Frank Sinatra, Liza Minelli, The Beatles, The Rolling Stones, Bob Dylan, Jimi Hendrix, Pink Floyd, The Who, Davis Bowie, Adele and every major orchestra in the world. The Royal Albert Hall has seen them all. This iconic building is one of THE venues in the world for the performing arts.
The history, the architecture and the ideas of it are all on a gigantic scale. When you first walk into it you are impressed by the grandeur, the colour, the 5272 seats, the boxes – the sheer red and gold of it. You hardly know where to look. You feel dwarfed by its size.
But when you step onto the stage or into the arena you can sense something different. Despite its magnitude it has an intimacy – you sense a closeness with the audience. It is something to do with the circular, wrap-round nature of the building. This is very special – especially in the arena where the audience surrounds you completely. From the choir stalls you look out on one of THE sights of the performing world. When you sing it has to be BIG and OUT because it has to travel so far. Yet it is also possible to sing together quietly and with intensity – a hushed sound – and be just as magical. These are the dynamics of this special space – an 1871 equivalent of the gladiator’s colosseum.
For me this is why it is the nation’s village hall. It’s the place where people come to do all sorts of things but as it’s the nation’s things, they do them on a grander scale.
Theatretrain performed its first large-scale show at the Bloomsbury Theatre and that seats about 500 but on that day Robert and I said to ourselves – one day we shall play the Royal Albert Hall! We waited until 2004 for it to happen and we have now performed there 11 times. It never ceases to thrill as you walk to the door and enter. It’s bigger than you are and that is a concept that we have passed on to our students.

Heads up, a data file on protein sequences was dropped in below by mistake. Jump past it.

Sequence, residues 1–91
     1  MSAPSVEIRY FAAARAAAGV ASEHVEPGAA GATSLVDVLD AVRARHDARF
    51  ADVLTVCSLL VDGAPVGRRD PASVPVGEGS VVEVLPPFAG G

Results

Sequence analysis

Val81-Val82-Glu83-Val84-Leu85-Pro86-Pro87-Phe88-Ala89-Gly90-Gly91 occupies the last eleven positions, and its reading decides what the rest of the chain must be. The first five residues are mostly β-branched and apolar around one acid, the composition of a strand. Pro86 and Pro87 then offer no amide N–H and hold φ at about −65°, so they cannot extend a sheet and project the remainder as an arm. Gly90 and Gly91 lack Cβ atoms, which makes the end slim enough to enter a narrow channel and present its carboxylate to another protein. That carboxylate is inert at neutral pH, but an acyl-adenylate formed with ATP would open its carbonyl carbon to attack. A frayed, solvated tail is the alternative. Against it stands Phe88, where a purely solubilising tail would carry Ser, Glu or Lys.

If you are in something big you might think that you would be lost amid all the numbers. Strangely though it doesn’t work like that. In fact, you feel even more connected to everyone else who has to play their part. And when all 1200 of you do something at the same moment you can feel the thrill passing through the audience.
I like to think it’s one of those occasions in your life where you understand how interconnected we all are being bigger as a group and more powerful being together. Francis Fowke and Henry Y.D. Scott, the designers of this special space I salute your glorious building which has recently reached its 150th birthday.
For almost 30 years Theatretrain has been providing young people with exceptional classes in dancing, acting and singing as well as providing first-class opportunities to perform in venues such as The London Palladium, Theatre Royal, Drury Lane and of course the beloved Royal Albert Hall. If you would like further information on our international award-winning performing arts schools at over 70 locations across the UK then visit www.theatretrain.co.uk.